I was taken aback to discover it was made in China, but it proved hard to find anything made in Europe in my price range.  M. Becker said that there were some excellent Chinese bow makers these days.  And besides, China has apparently stockpiled a significant part of the world’s supply of Pernambuco!

Anne, my teacher, was politely approving of the bow, though she clearly prefers (so do I) the slightly heavier weight of hers. As she said, I can always decide later to sell it and upgrade to a better one.

To recover from this purchase, I once again went to Alain’s for lunch, sitting at the table next to his kitchen, chatting to him as he prepared some excellent magnet de canard.

And now there are no more excuses for not getting my cello to sing out during my Mendelssohn piece. Oh yes there is one excuse – or rather explanation – le trac – my old enemy, performance nerves.I played really badly at my lesson with Anne, on Tuesday, and then with Jean Sebastian, the accompanist. I have a month in which to find a way not to lurch from one  dangerous passage to another.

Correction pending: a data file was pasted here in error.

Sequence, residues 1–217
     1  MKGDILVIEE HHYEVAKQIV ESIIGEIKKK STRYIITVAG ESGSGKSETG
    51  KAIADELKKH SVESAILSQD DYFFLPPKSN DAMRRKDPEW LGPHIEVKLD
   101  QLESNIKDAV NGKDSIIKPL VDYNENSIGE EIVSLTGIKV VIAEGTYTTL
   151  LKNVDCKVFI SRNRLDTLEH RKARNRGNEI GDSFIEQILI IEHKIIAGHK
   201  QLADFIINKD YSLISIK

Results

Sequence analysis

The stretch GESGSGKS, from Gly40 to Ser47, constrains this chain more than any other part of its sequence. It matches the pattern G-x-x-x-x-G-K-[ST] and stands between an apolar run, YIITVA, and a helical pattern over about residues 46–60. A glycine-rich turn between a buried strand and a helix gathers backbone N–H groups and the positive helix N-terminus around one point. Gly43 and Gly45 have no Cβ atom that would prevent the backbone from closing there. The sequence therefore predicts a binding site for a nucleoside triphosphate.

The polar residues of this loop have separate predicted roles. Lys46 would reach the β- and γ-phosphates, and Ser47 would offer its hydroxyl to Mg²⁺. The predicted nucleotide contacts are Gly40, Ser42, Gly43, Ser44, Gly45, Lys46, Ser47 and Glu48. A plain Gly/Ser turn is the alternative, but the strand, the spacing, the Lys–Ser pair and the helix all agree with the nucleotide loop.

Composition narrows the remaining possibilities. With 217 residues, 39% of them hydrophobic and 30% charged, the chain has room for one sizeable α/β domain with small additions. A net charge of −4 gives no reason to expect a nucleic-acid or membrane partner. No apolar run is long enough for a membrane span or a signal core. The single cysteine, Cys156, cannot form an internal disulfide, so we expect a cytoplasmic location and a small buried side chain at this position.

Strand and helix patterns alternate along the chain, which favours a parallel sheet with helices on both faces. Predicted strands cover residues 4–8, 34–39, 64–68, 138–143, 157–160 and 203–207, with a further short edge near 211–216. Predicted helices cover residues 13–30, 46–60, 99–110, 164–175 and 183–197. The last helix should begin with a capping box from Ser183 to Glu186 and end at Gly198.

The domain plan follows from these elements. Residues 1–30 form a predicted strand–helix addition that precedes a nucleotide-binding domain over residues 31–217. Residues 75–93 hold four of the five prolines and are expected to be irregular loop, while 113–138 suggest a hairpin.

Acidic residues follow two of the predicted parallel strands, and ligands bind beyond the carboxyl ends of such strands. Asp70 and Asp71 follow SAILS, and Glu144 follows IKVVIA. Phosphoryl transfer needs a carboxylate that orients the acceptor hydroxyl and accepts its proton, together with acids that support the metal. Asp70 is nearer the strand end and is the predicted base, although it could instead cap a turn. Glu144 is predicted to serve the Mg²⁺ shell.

J’en ai marre

Those are not my words; it is what pretty well every French person I meet is saying – I’m fed up with it. They are referring, of course, to the weather.

Nobody can remember so much rain falling as this autumn.  It is not so much the statistics, as often we get torrential rainstorms which push the rain count up.  It is rather the relentless, day after day of rain. People here are just not used to this.  I’m getting a bit bored of people saying it must remind me of London.  No, I say, London is having better weather!